Essure® is a permanent, non-surgical transcervical sterilization procedure for women. It was approved by the FDA in 2002. Small, flexible inserts are placed into the fallopian tubes by a catheter passed from thevagina through the cervix and uterus.

The insert contains inner polyethylene terephthalate fibers to induce benign fibrotic reaction and is held in place by flexible stainless steel inner coil and a dynamic outer nickel titanium alloy coil.

Once in place, the device is designed to elicit tissue growth in and around the insert to form over a period of three months an occlusion or blockage in the fallopian tubes; the tissue barrier formed prevents sperm from reaching an egg.

Unlike other forms of tubal ligation, no general anaesthetic nor incision through the abdomen is required.

Similar to some other methods of birth control, initially additional forms of birth controlmust be continued for 3 months to prevent pregnancy until the method's effectiveness can be confirmed.

For the Essure® method, three months after insertion a physician performs an x-ray test called a hysterosalpingogram to confirm that the fallopian tubes are completely blocked and that the patient can rely on the Essure® inserts for birth control. A contrast agent (dye) is injected through the cervix, and an x-ray technologist takes photos of the Essure® coils to ensure that they are in place.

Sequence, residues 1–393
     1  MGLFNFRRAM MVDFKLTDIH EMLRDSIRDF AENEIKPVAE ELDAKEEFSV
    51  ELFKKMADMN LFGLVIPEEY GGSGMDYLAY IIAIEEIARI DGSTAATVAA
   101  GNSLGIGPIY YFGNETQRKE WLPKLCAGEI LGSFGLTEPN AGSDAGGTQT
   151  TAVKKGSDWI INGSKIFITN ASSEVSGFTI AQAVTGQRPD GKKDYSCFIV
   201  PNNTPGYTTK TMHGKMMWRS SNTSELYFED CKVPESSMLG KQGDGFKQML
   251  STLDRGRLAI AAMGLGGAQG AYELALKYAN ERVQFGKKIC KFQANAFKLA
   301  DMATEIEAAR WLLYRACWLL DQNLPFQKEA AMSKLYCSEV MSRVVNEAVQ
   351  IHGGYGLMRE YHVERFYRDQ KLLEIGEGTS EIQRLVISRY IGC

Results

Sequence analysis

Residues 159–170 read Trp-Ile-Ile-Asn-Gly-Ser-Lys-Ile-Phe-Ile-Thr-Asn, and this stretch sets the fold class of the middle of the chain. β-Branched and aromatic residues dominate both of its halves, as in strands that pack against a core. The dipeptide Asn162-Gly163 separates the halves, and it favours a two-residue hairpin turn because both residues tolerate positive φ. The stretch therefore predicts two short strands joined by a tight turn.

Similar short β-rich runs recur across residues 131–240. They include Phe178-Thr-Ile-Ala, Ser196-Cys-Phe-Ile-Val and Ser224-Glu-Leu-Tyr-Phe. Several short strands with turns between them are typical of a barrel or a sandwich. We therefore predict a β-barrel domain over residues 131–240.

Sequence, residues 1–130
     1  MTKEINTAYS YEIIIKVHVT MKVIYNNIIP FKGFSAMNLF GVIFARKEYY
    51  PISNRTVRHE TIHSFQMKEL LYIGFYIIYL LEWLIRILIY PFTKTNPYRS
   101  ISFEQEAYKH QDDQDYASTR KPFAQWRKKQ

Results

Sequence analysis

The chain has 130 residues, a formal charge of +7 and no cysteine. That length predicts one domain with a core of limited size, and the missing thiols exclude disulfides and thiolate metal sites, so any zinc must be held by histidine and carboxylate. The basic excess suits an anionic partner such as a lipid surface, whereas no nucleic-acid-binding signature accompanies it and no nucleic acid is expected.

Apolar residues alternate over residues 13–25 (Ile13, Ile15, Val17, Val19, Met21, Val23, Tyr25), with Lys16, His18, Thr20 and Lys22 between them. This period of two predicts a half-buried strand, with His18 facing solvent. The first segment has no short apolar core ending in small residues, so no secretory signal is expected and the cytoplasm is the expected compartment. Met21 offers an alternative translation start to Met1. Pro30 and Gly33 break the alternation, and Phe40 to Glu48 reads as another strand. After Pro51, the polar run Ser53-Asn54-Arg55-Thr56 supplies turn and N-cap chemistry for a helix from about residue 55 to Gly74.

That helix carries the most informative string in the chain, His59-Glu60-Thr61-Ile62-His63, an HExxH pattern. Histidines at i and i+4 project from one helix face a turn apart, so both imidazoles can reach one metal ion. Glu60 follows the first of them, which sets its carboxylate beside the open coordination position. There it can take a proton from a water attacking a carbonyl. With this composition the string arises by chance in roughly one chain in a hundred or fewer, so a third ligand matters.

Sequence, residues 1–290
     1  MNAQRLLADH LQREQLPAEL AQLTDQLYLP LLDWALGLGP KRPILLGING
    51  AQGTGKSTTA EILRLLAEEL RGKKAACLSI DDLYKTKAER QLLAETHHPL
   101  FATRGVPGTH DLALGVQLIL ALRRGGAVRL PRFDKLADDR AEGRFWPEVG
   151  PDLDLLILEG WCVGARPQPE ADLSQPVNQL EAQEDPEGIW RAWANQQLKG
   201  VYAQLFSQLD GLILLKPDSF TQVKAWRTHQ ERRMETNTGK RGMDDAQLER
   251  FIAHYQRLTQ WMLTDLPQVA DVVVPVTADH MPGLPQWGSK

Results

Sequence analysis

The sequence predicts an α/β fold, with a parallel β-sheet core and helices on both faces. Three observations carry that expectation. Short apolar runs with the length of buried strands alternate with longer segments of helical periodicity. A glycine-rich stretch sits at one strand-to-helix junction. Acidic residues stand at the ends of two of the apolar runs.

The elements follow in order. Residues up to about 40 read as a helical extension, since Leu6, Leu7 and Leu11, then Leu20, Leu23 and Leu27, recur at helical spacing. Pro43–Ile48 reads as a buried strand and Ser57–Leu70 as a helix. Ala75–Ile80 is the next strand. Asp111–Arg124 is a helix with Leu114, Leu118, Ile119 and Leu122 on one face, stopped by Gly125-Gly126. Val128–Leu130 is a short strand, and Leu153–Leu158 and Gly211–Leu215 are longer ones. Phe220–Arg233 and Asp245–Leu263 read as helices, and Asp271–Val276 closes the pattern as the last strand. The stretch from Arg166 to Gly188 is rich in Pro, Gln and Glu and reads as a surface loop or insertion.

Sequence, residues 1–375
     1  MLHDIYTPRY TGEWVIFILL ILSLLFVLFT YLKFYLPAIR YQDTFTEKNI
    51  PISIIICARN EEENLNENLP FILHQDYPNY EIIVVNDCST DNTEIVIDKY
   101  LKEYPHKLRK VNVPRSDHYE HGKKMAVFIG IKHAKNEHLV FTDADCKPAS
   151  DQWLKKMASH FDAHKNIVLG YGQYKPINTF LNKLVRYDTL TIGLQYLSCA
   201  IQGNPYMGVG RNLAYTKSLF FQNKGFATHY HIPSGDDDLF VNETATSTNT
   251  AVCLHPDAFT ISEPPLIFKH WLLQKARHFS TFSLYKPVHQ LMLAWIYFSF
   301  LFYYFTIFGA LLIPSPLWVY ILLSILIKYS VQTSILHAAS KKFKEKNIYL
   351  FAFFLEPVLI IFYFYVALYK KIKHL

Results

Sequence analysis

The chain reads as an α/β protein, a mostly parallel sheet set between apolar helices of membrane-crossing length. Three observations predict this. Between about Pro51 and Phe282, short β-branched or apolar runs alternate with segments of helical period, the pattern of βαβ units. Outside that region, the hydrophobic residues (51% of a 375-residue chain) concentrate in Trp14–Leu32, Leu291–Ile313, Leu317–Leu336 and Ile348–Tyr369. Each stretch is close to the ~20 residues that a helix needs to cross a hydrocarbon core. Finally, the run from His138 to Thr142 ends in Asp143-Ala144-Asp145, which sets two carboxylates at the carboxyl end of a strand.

For more information, view this segment on The Doctors.

Tubal ligation is performed with an instrument called a laparoscope as an outpatient surgery. The surgery takes about a half an hour. Recovery is within a few days. There is about a 1 in 300 failure rate. It is considered permanent. You should not consider tubal ligation unless you are sure that you do not want to have anymore children. It is very difficult to have the tubes put back together. Tubal reversal is not always effective. It is often not covered by insurance. Vasectomy is done by a urologist as an office procedure. Female sterilization is immediately effective. Vasectomy is only effective after multiple ejaculations when the existing sperm are cleared out of the vas deferens.

We recommend Depo-Provera®, the IUD, and Micronor (the "minipill") for post partum contraception. Breast feeding is not a reliable birth control option. Although nursing can in some cases delay or even prevent the return of your period, it does not necessarily prevent you from becoming pregnant.

Whether or not this is your first baby, it is not too soon to consider when or if you would like your next, and what you are going to do about family planning. Going through another pregnancy may be the last thing on your mind at this time, but it is best to think it over now so that you are prepared for the future.

Other options for postpartum birth control include combined oral contraceptives for women who are not breast feeding, the diaphragm, condoms, and sterilization.